The Progress of STEM Education as a National Policy Issue


Posted By: John Freeman 0 Comments
Every March, the United States celebrates National Women's History Month. Organizations across the country use this opportunity to look back on the enormous contribution that women have had in shaping this country. But some are not only using this to look back at where women have been. Instead, they are using this as an opportunity to assess women's current position and how it can help provide for a more positive future, especially in the STEM fields.

Over a dozen Congresswomen attended the Million Women Mentors luncheon in early March. Million Women Mentors is a non-partisan organization that seeks to provide mentoring and support to young women in the STEM field in an attempt to curtail some of the troubling statistics related to women working in the STEM fields. For instance, women make only 92 percent as much as men for the same job and they make up only 26 percent of the STEM workforce. Just three out of 100 women pursuing a STEM Bachelor's degree will still be in the field ten years after graduation. In an effort to change this trend, women in Congress are working together to provide for better access to STEM education for all of America's most marginalized groups.

The day after this luncheon, Debbie Wasserman Schultz (D-FL) and Kay Granger (R-TX) joined together to introduce the 21st Century STEM for Underrepresented Students Act. This legislation would seek to provide grants from the National Science Foundation (NSF) in order to fund research into STEM programs in the hopes of increasing engagement and retention of elementary and middle-school aged students from typically under-represented groups. As Senator Kristin Gillibrand (D-NY) said at the luncheon, "When you give a girl a chance to build a robot when she's five or build a rocket when she's ten, she will have the inspiration and the know-how to become interested in those fields and see her future in those fields." As researchers continue to develop research that emphasizes the importance of providing early pathways into the STEM fields, it seems as if some in Congress are beginning to take these lessons to heart.

This is not to say that the men of the federal government have been ignoring issues with STEM education. President Obama's most recent budget proposal has called for a massive reorganization of how STEM education initiatives are funded so that they can become more responsive the ever-growing needs of the country's students. Further, the proposed budget calls for $170 million to be earmarked for the Department of Education to use in training efforts to better prepare STEM teachers to excel in the classroom. Additionally, new money has been requested for grants that would support innovative STEM teaching practices as well as grants that would support students who show promise in the STEM fields. The entire proposal seems to boil down to one central idea: STEM jobs will be a major player in tomorrow's economy. If today's STEM education programs are not adequately preparing students to meet these demands, then it is the job of the federal government to revamp and revitalize these efforts so that those who need help can best receive it.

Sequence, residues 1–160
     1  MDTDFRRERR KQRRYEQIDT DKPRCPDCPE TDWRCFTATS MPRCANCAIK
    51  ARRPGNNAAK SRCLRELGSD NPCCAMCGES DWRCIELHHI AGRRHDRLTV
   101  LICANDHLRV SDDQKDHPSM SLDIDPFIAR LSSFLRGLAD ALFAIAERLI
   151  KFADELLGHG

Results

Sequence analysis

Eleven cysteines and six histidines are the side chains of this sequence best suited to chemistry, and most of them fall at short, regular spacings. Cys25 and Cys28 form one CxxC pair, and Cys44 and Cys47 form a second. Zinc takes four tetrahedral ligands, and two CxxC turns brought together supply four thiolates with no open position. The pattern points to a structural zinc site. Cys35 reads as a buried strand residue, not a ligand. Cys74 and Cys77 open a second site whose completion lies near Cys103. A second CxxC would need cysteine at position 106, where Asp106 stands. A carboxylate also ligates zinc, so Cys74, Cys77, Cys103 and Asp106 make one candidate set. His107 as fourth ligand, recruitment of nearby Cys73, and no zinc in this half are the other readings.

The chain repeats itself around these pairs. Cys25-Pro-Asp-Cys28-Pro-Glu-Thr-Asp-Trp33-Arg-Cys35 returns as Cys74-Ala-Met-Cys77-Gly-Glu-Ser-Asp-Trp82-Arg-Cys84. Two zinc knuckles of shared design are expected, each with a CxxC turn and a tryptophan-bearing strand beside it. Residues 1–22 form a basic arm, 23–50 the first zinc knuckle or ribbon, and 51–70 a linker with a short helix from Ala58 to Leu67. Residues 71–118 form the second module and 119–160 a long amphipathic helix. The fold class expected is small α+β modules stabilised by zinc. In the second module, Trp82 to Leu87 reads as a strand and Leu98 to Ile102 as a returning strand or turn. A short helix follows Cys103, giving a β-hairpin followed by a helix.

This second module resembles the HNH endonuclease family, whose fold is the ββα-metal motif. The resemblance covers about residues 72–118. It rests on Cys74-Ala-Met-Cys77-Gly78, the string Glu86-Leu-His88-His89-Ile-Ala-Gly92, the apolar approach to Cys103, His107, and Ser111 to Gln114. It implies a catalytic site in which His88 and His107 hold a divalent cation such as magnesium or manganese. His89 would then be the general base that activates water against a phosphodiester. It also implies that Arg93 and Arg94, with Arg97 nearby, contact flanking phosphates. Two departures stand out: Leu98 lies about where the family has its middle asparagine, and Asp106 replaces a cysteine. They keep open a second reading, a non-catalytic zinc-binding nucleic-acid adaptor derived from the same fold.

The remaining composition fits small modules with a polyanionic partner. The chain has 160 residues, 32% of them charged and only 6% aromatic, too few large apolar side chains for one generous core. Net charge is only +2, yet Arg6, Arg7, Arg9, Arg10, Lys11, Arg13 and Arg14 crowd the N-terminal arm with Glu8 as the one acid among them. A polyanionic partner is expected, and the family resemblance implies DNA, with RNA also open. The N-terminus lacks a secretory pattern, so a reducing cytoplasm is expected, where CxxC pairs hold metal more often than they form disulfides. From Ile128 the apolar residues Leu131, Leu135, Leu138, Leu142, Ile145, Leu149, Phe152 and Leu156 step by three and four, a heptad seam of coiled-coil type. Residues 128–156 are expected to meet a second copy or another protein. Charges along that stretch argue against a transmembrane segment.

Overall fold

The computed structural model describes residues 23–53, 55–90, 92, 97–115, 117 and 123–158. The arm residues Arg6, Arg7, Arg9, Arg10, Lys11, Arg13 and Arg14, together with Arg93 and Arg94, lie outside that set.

However, not everything is so rosy for the future of STEM education. While it is true that STEM education enjoys an unprecedented level of prestige and that many policymakers are working on this issue, many analysts fear that these proposals will never come to pass. Most analysts have described the new Obama budget as dead on arrival. GovTrack places the likelihood that the 21st Century STEM for Underrepresented Students Act will pass at a measly 2 percent. Because this is an election year, there is a popular conception that nothing can get done in Congress. Policymakers are more interested in keeping their seats than solving the problems that they were sent to Washington to deal with. But students cannot wait. Every year that passes without STEM education reform at the national levels means that untold thousands of students are still slipping through the cracks. It means that the STEM gap that underrepresented minorities and women must contend with will not get any better. It means that the country is putting off ensuring its future for another year.

With a rapidly approaching shortfall in the number of skilled workers available to take up the jobs in tomorrow's booming STEM economy, the United States is quickly running out of "next years". Instead, it is the responsibility of everyone with a vested interest in STEM education to make this a national policy discussion this year so that real change can be sought and enacted. Further, it is time for STEM education to become a major policy point in political campaigns so that parents of all ages can know how their future representatives feel about the single thing that can do the most good for the future of the American economy.

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